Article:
Sunday, August 07, 2016

Talking to Trumpers

So I tried to engage with a bunch of Trump supporters at one of the wingnut websites I occasionally frequent [sorry no link]. Kind of thought of it as a civic duty. Unfortunately all I have to report back is basically what I knew going in. These people are:
  • stupid: the kind of stupid people who think they are smart, bringing to mind this classic scene.
  • racist: not the virulent kind, more the whiny kind who think blacks are getting special advantages and the decks are stacked against white men
  • assholes: in all manner of ways, but most striking to me was when I pointed out that Trump had a habit of stiffing the contractors who did work for him, they replied that “the work must have been substandard”. In other words, in a fight between a rich and powerful guy and a lesser power, automatically back the rich guy. This may be due to something basic in the core of the authoritarian psyche, but it is incomprehensible to me.
  • convinced that there is something called “the left” that includes everybody from Hillary to Stalin, that is deliberately evil and devoted to “destroying our liberties”, and basically is in league with Satan.
This last point of course means that whatever Trump՚s flaws, he appears to be the better alternative to them. So pointing out Trump՚s near-total ignorance, his vile personality, his fraudulent background, and his absurd and destructive proposals means nothing. They claim to be conservatives but are willing to take the risk of vast destruction of our existing system of governance, simply out of hatred for someone who exemplifies the existing system.

These people are lost to sanity, and all we can do is hope that they aren՚t a very big or influential group come November.

[addendum: I don't think I did a very good job of doing what needs to be done -- that is, getting some kind of sense of what these people are really about. That is (a) hard to do on the internet as opposed to f2f and (b) probably better accomplished by people with more empathic skills than me. Here's George Saunders, who normally writes fiction about the broken people of the modern world, giving it a go.]

Saturday, June 18, 2016

Stealing the future

“these companies really are designing the future and they may get away with it.”
Here՚s an article that caused a minor shitstorm among the self-appointed defenders of nerd-dom. It՚s not a very good article and the reaction it got is also pretty stupid, but it touches on themes of interest so I can՚t resist wading in.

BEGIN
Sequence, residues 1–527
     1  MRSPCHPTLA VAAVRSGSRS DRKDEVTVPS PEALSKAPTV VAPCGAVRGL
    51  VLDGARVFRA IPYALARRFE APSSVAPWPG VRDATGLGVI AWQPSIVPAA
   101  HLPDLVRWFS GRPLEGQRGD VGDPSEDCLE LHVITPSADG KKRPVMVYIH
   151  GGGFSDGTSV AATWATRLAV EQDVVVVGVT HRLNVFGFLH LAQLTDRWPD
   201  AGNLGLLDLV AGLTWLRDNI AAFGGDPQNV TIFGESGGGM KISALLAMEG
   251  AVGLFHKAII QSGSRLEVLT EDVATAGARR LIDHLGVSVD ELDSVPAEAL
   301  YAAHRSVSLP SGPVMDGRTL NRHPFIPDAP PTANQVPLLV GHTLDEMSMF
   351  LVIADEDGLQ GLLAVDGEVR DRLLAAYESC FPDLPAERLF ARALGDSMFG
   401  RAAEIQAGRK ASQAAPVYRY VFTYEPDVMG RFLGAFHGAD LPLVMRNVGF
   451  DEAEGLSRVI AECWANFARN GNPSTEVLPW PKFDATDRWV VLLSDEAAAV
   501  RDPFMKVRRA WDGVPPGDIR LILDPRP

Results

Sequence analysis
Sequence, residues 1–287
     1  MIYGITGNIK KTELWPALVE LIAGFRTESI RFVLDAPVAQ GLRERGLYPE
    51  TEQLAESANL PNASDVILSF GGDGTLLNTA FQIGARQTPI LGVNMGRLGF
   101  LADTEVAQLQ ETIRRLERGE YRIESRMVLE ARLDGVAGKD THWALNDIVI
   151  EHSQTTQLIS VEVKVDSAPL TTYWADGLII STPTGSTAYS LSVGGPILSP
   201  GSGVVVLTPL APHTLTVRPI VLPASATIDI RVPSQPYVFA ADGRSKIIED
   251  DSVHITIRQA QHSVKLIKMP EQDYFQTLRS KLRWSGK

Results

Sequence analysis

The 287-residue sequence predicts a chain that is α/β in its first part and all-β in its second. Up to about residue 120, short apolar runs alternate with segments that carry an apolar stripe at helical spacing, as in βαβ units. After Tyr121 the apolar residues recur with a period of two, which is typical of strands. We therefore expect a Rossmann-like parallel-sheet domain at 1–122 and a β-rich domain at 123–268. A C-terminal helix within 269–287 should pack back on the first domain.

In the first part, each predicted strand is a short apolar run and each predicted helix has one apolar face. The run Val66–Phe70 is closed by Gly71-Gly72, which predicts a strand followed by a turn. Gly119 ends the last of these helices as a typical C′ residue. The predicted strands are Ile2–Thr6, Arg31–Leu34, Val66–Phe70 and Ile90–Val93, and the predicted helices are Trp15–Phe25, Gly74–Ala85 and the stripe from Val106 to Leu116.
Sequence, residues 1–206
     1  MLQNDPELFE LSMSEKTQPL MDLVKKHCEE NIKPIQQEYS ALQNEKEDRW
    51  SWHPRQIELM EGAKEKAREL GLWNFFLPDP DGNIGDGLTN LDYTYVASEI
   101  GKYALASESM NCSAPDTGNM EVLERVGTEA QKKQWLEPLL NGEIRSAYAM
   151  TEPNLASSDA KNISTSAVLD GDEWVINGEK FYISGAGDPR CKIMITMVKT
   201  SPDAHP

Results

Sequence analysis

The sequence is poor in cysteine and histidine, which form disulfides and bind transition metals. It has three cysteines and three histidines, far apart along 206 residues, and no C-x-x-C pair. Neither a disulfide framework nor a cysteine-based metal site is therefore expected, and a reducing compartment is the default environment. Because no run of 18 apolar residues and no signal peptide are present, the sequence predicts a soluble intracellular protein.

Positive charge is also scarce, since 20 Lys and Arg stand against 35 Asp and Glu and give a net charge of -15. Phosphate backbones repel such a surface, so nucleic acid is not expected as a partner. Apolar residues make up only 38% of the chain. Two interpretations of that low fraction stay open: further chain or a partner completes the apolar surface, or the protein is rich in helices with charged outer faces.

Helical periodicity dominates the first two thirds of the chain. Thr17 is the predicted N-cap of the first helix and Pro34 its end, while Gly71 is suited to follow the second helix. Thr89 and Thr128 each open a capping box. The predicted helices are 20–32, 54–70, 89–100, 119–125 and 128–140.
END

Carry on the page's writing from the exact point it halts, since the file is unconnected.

The article claims:

  • “Relatively young white males overwhelmingly run Silicon Valley firms and they are stealing the future from everyone else.”
  • The algorithms of these young white males are biased.
  • Since these algorithms are an increasingly important part of the public sphere, they should be regulated by the public.
  • SV has an “almost complete absence” of females, non-whites, and people from demographics like the aged or the low-income.
  • Many of the men who run the techno-corporate behemoth are autistic or have minds tinged with autistic thinking.
  • In that regard, they “know little and care less” about other people.
  • Autistic traits are useful technically, but “can become a hindrance if a general naiveté about human beings is translated directly into the design of the products and services used by billions of other people around the world”.
  • “We” (society, or maybe neurotypicals?) ought to take more control of the technology rather than letting the autistics impose their warped vision on “us”.
Some of these statements are just false – for instance, SV has a very large number of Asians in both engineering and money roles, and while females are underrepresented, they are hardly completely absent. Others are phrased in a ridiculously contentious fashion: “stealing the future” is a brilliantly nasty phrase.

Nonetheless, I think underneath all that stuff are a couple of worthwhile points: (1) that tech companies have too much social power (2) there՚s something vaguely autistic about their methods. The first of these points seems obviously true to me. Companies or whole industries rise on tweaks to Google՚s ranking algorithm, and Facebook has assumed the power to tell us how we are allowed to present ourselves in public life. This just can՚t be good. It՚s not that Mark Zuckerberg or Sergey Brin are bad people, it՚s just that it՚s obviously asking for trouble to cede the fundamental architecture of collective human society to individuals and for-profit organizations. I suppose it՚s controversial to suggest that big tech companies should be regulated or reined in somehow by the rest of society, but surely we can agree that they have immense power and there՚s no particular reason to think that they, of all human organizations, shnould be immune to the corruptions that accompany power.

But that particular line of attack isn՚t what triggered the remarkably strong reaction of the critics, who went so far as to compare the article to Nazi writings on Jews. At first, that seemed ridiculously overblown to me, almost offensively so. But maybe not -- scapegoating is an inherently ugly business, and the “stealing the future” line evokes that chilling song from Cabaret, In this reading, the autistic take the place of Jews in a story of illegitimate power wielded by a somewhat inhuman and alien race of people, a race that has expropriated the legitimate heirs to the future, whoever they are. If that wasn՚t bad enough, the article also blurs autism and whiteness and privilege in general. Sure sounds like like incitement to hatred.